How to save monitoring resources with Packet Slicing
and comply with legal requirements
Often the gap between the capacity of the recording analysis system on the one hand and the amount of incoming data on the other is so large that without appropriate additional mechanisms the analysis system is most likely not able to record all individual packets without loss.
Depending on the purpose of the analysis system, this is a major problem, as every packet counts, especially in the cyber security environment, and otherwise it is not possible to ensure that all attacks and their effects are detected.
Attacks that are not detected in time or even remain completely invisible can cause enormous damage to companies, even leading to recourse claims from possible insurers if they discover that their clients did not fulfil their duty of care.
But how does such a situation arise? It can happen very quickly that networks in companies grow, often in parallel with the business development of this company, while the often already existing analysis and monitoring systems, planned with reserves during procurement, reach the end of their reserves more and more often.
Higher bandwidths, more and more services and interfaces used in the LAN reduce the capacities to the point where the systems can no longer keep up and have to discard packets.
From this moment on, it is theoretically possible for an attacker to stay undetected in the local network, as the analysis system is hopelessly overloaded. The administrator is no longer able to see which parties in his network are talking to each other, which protocols they are using and which endpoints are being communicated with outside the LAN.
Often, however, it is not capacity problems that trigger the activation of Packet Slicing, but rather data protection reasons. Depending on where and which data is tapped and when, it may be obligatory for the company to only record and evaluate data that does not contain any personal or performance-related information.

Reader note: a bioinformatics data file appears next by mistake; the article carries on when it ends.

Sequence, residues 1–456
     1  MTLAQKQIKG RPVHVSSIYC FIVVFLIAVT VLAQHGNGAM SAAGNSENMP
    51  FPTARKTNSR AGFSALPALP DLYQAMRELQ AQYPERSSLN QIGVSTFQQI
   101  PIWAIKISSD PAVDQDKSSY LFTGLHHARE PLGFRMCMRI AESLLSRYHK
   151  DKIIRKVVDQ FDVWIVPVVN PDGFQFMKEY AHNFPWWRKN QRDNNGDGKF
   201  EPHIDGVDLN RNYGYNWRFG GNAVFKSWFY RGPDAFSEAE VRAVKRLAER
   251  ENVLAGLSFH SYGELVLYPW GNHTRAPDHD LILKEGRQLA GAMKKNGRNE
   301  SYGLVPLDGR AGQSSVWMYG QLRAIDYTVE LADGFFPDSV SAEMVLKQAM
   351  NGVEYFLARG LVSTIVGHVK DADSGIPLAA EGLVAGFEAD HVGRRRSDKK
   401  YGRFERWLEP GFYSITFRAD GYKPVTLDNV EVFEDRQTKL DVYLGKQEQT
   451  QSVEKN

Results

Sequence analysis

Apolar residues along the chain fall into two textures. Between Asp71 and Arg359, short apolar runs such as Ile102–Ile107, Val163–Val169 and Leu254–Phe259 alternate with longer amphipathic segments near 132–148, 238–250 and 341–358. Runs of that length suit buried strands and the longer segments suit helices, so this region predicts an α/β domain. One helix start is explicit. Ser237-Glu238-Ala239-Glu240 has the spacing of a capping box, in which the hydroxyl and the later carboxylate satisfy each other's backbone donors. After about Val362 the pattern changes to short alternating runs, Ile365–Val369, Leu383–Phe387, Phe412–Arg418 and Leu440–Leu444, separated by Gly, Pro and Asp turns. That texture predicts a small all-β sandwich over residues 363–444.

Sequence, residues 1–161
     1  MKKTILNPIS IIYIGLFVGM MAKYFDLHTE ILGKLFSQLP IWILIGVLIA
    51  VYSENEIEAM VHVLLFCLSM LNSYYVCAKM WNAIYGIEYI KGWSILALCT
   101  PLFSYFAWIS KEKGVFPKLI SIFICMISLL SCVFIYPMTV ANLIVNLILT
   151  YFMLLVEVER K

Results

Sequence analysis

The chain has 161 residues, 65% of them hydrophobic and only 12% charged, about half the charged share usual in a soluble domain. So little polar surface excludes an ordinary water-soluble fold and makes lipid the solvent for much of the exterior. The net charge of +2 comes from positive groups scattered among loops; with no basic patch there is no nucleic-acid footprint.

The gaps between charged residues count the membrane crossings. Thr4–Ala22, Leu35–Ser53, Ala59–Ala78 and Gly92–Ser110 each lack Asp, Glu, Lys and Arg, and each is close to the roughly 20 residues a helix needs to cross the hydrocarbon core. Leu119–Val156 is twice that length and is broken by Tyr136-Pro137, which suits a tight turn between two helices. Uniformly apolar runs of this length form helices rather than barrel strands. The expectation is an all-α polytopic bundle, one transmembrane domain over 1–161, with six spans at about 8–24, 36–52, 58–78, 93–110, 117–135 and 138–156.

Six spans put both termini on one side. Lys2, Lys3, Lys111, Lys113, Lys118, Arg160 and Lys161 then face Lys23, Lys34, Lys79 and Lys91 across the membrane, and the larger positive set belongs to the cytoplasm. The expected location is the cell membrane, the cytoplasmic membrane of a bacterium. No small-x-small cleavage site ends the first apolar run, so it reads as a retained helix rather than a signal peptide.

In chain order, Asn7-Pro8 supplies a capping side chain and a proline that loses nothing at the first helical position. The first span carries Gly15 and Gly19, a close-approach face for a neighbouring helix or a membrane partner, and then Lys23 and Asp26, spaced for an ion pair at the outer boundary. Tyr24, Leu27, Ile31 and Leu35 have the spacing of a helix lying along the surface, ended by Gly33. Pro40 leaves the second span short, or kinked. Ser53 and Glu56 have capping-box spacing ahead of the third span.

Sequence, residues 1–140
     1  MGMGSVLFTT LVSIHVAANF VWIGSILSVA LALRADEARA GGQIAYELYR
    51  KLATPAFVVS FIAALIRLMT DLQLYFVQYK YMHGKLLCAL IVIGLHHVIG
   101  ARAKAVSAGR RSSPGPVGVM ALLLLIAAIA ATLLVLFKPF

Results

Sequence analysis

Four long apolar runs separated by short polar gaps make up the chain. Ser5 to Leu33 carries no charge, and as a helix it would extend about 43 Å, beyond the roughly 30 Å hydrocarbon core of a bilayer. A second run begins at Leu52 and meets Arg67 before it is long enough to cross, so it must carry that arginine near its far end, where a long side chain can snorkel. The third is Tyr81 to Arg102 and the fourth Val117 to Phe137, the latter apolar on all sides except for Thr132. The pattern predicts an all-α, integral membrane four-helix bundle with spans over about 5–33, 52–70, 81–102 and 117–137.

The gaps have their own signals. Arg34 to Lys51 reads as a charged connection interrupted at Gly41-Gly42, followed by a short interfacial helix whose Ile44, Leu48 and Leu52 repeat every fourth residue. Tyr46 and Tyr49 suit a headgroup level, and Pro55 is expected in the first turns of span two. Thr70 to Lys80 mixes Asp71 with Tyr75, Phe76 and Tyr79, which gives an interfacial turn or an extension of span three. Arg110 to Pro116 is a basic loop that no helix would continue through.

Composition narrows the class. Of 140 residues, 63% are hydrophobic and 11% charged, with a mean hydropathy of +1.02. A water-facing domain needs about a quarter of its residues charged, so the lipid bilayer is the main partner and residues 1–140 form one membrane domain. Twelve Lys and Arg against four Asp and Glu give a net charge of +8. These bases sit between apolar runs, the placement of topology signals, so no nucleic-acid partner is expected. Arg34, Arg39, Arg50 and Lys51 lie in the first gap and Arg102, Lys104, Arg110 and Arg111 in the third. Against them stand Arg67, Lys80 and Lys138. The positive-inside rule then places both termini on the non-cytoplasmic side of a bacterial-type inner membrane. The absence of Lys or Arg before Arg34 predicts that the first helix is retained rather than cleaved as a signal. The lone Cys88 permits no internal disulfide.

While typically the packet header only contains connection data (WHEN, WHO, HOW, WHERE), the payload data, although usually encrypted, contains the very content data that theoretically makes it possible to measure the performance of individual users. Depending on the place of use, however, this is often neither wanted nor allowed. It must therefore be ensured that it is not possible for the administrator to reconstruct personal information from the recorded data.
Reduce analysis data by means of Packet Slicing
And this is exactly where the “Packet Slicing” feature comes into play: with this procedure it is possible to reduce the incoming data load on your analysis system by up to 87% (with 1518 bytes packet size and Packet Slicing at 192 bytes) by simply removing the user data from each packet.
Many analysis and monitoring approaches only need the information stored in the packet header, i.e. the metadata, for their evaluations and analyses, while the user data often does not contain any important or usable information, as this is usually encrypted anyway and thus cannot be used for the evaluation.
By removing the user data, a massive relief of the processing instance is to be expected, and in some cases this enables even greater coverage of the LAN by the monitoring and analysis device.
FCS Checksum Problem
An important aspect of Packet Slicing is the recovery of the FCS checksum of each modified packet. Since the structure and length of the packet is affected by cutting away the user data, the originally calculated checksum, which was calculated by the sender and entered in the FCS field of the packet header, is no longer correct.